John Roberts began: "Not satisfied with their summer-long attack on George Bush for squandering the surplus, Democrats returned to Washington today and turned it up a notch, blaming the whole economic downturn on President Bush's budget and the tax cut."
After a clip from Dick Gephardt, however, Roberts noted that Republicans are "pointing out the economy began to turn South on Bill Clinton's watch."
Embryonic stem cell research "could provide miracle cures for everything from Parkinson's Disease to diabetes," CBS's Bob Schieffer declared Wednesday night in adopting the exaggerated language of proponents but, Schieffer warned in viewing the issue from the viewpoint of advocates, "the problem is, many religious conservatives oppose such research." For Schieffer, the question is whether the President's decision, to limit federally-backed research only to cells already created, will "be enough?" Who'd he go to for his answer? Ted Kennedy.
Schieffer began his crusading September 5
piece on the CBS Evening News, in which the soundbites ran three-to-one
from the left against Bush's position, by noting how a Senate committee
"waded" into science. Schieffer explained:
While Schieffer misleadingly referred only to "stem cell research," which no one opposes, in the set up Dan Rather did make clear the dispute was over embryonic stem cells.
Senator Ted Kennedy did not hear one challenging question when he appeared on Wednesday's Good Morning America, MRC analyst Jessica Anderson observed. Diane Sawyer simply asked him whether, with the battle over the budget and stem cell research, it is "time for George Bush to pack up his honeymoon clothes for good?", for a "thumbs up" or a "thumbs down" on Bush's record so far, and on the issue Kennedy was brought aboard to discuss because of the hearing later that day he was set to chair, she pushed him from the left to agree: "Has the President simply not gone far enough?"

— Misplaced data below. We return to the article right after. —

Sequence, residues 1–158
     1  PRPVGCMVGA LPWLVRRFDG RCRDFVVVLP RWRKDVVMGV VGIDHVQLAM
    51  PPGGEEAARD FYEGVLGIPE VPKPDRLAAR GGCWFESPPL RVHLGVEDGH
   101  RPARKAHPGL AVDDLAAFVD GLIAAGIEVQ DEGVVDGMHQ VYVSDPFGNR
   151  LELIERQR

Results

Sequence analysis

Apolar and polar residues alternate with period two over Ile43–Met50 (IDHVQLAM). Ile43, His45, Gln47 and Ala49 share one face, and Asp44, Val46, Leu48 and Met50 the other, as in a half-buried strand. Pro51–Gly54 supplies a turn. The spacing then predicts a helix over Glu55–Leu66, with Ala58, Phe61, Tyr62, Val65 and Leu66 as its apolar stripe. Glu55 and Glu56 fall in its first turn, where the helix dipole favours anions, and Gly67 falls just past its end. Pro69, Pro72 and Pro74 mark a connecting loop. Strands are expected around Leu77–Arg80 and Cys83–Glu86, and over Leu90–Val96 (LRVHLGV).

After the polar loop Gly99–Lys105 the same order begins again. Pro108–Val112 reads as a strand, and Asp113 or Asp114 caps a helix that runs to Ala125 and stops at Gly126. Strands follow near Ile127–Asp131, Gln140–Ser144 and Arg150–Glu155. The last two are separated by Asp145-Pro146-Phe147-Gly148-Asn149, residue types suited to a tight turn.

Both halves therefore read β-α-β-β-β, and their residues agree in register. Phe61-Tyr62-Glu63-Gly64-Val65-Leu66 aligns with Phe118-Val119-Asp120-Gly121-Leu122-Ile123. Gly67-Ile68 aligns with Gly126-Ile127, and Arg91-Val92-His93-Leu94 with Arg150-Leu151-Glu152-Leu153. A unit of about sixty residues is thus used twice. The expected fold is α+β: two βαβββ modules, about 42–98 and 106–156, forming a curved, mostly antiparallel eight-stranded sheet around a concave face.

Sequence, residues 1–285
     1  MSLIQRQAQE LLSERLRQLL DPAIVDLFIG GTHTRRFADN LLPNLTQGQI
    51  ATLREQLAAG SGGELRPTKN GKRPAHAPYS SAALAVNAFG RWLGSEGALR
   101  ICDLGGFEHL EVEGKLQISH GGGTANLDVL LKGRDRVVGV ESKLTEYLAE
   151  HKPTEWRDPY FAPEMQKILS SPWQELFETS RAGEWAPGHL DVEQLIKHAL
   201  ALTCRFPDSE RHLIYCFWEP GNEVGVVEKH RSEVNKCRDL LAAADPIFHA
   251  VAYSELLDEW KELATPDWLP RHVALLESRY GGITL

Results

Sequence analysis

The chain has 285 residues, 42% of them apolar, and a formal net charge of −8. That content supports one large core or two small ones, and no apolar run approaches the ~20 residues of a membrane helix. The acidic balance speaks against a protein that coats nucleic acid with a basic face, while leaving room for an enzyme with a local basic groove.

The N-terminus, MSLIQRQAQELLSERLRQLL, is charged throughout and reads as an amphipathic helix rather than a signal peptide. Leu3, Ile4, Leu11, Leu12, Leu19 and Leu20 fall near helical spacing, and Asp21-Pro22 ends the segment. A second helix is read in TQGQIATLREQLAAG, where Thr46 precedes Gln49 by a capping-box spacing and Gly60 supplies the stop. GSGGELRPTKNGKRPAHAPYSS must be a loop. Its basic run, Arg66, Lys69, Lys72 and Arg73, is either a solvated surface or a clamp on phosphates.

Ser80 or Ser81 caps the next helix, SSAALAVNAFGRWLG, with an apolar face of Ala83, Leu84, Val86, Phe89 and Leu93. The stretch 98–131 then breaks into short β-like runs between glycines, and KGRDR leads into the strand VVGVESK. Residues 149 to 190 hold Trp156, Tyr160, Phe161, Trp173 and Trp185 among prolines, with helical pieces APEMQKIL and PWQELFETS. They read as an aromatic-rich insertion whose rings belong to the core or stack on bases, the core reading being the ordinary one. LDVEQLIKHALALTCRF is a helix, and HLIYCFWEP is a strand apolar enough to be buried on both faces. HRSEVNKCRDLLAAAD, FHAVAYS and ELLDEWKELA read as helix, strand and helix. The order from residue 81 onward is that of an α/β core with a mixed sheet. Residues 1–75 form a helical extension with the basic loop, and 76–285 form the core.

Setting up her September 5 interview with
Kennedy, Sawyer observed: "Well, if you love politics, fasten your
seatbelts this morning because up on Capitol Hill, the war games are about
to begin, starting today with the vital issue of stem cell research to
find cures for diseases. As you'll remember, this summer we heard
President Bush announce limited approval for federal funding for research
only on a few stem cell lines."
Sawyer then wondered: "So are you saying
you think President Bush has done a good job? What is it: thumbs up,
Sawyer moved on to her original topic:
"Okay, stem cell research: As we just heard, the President limited
federal funding to some 60 stem cell lines and yet, a number of scientists
are saying 34 of those lines may not be good enough for research and
another two-thirds of them are under foreign control. Has the President
simply not gone far enough?"
Tom Brokaw ended Wednesday's NBC Nightly News with a sermon about the challenge facing President Bush on attracting Hispanic voters because of how certain Republicans backed California's Proposition 187 "designed to crack down hard on illegal immigration." Brokaw contended "the GOP has not been able to completely shake it off and now President Bush is caught in another illegal immigration squeeze play."